Exactly two years ago, kids turned up in hospital with cold-like symptoms and struggling to breathe across Canada and the U.S. as enterovirus swept the continent.
Now, in 2016, the rare respiratory illness has resurfaced after disappearing last year.
So far, cases have been reported in British Columbia, Alberta and Ontario, with experts anticipating escalating numbers.
“The numbers are low so far but we can expect more infections to occur through the fall and early winter period,” Dr. Danuta Skowronski, an epidemiologist with the B.C. Centre for Disease Control, said in a statement.
EV-D68 presents more or less the same way as the common cold. Kids have the same symptoms: a runny nose, watery eyes and a cough. Some have a fever. But kids’ symptoms worsen quickly.
If your child falls sick with what appears to be a cold, within 12 to 24 hours you could be in hospital if he or she is responding poorly to enterovirus. Paralysis in the face, then arms and limbs sets in in rare cases.
B.C. recorded eight cases of EV-D68 – six of which were kids under the age of two. The provincial body is now warning parents to take precautions, including cleaning kids’ hands regularly and making sure they stay home if they’re feeling ill.
In Alberta, a single case was documented in ProMED in which a toddler ended up in hospital vomiting and with paralysis on one side of his body.
Dr. Marek Smieja, out of the Hamilton Regional Laboratory Medicine Program, told Global News he’s confirmed 35 cases of the illness in 12 Ontario hospitals. But numbers have been “increasing slowly week by week.”
It has also reappeared in the U.S. The Centers for Disease Control and Prevention said it’s seen a rise in cases, too.
Both the Public Health Agency of Canada and Public Health Ontario issued their own warnings about the resurgence of the disease.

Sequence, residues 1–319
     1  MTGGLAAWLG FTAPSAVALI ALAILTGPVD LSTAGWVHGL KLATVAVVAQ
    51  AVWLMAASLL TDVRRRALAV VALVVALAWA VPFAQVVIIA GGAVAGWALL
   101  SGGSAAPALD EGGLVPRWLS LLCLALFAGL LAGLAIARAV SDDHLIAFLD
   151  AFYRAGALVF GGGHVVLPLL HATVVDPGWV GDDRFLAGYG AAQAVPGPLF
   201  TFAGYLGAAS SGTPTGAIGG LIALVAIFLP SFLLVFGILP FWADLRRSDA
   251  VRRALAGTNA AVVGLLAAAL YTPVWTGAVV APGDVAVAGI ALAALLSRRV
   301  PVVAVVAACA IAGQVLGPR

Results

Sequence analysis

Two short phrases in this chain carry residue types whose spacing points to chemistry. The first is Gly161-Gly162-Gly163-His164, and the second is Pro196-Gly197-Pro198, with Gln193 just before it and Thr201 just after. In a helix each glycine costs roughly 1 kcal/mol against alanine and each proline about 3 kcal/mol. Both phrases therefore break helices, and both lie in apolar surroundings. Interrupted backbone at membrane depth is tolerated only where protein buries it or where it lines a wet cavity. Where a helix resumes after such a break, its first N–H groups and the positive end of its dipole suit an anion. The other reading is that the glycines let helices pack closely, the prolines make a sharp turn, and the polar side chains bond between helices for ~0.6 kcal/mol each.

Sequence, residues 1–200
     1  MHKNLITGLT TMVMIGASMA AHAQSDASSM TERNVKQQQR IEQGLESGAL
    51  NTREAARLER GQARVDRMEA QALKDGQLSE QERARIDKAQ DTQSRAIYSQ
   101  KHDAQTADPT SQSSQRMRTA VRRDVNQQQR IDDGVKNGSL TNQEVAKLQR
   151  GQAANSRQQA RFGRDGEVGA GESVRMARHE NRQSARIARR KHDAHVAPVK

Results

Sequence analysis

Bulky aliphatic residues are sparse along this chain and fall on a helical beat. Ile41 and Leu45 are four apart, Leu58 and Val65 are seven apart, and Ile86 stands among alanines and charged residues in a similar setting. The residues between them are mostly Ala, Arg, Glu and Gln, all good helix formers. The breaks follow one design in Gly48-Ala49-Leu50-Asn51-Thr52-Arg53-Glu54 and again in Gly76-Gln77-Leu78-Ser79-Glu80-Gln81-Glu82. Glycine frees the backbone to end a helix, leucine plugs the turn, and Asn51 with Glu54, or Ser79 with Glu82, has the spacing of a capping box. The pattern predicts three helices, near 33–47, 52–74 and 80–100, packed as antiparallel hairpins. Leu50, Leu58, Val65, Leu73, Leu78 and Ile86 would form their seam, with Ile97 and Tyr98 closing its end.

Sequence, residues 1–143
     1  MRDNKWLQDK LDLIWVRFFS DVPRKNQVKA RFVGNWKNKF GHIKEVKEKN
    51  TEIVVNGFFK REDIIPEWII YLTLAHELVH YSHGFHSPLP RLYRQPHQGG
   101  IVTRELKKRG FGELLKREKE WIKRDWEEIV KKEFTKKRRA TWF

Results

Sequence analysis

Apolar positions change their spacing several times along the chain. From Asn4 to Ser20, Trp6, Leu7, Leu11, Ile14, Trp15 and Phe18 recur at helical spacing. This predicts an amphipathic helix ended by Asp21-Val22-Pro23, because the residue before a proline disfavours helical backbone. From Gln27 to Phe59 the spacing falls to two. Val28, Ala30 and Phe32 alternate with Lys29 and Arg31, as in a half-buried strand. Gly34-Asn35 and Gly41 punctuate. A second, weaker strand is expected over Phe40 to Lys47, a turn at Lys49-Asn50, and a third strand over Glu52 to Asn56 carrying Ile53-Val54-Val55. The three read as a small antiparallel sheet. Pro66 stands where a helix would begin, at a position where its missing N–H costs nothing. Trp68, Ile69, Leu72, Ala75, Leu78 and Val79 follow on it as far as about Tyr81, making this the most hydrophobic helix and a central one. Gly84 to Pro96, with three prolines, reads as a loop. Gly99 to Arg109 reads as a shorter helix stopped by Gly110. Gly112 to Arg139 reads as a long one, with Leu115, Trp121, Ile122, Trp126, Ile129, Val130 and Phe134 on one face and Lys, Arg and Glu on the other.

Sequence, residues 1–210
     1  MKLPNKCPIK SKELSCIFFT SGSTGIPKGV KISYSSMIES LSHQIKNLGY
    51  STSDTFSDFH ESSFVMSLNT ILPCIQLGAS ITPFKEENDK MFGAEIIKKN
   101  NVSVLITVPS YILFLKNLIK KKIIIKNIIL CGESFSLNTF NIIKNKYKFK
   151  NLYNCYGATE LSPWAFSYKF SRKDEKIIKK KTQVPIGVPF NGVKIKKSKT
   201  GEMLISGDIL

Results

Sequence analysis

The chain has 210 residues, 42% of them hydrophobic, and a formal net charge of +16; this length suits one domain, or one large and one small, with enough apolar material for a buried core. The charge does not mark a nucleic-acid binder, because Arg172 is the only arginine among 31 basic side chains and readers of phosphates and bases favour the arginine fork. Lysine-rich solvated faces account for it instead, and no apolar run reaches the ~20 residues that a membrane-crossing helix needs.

Ottawa says it’s “closely monitoring this issue” with the help of provinces and territories.
“Anyone can get sick with EV-D68. In Canada, the risk of getting sick usually occurs in the summer and fall,” it said in its public health bulletin.
“Infants, children and teenagers are more likely to be infected and become sick because they do not yet have immunity from previous exposure,” the federal agency said.
What are enteroviruses?
Enteroviruses are a group of viruses comprised of more than 100 different types of strains, according to Canadian microbiologist and author Jason Tetro.
“Each one has a particular structure and, as a result, a different function,” he told Global News.
Only some affect humans and enterovirus D68 happens to be one of them.
READ MORE: Where is enterovirus D68 in Canada?
(Other enteroviruses that are frequently seen in Canada include Coxsackie A19 and EV-71, which has caused outbreaks of hand-foot-and-mouth disease in kids.)
It’s described as a rare virus, and the reason for that lies in its cycle. It doesn’t evolve as quickly as, say, the seasonal influenza so we only see waves of EV-D68 every few years.
North America may be entering a wave of enterovirus now, but it might not re-emerge for another five years to a decade. In this case, it started in the Philippines in 2009; clusters were then reported in New York City that year, the Netherlands by 2010 and it spread around the world from there, Tetro said.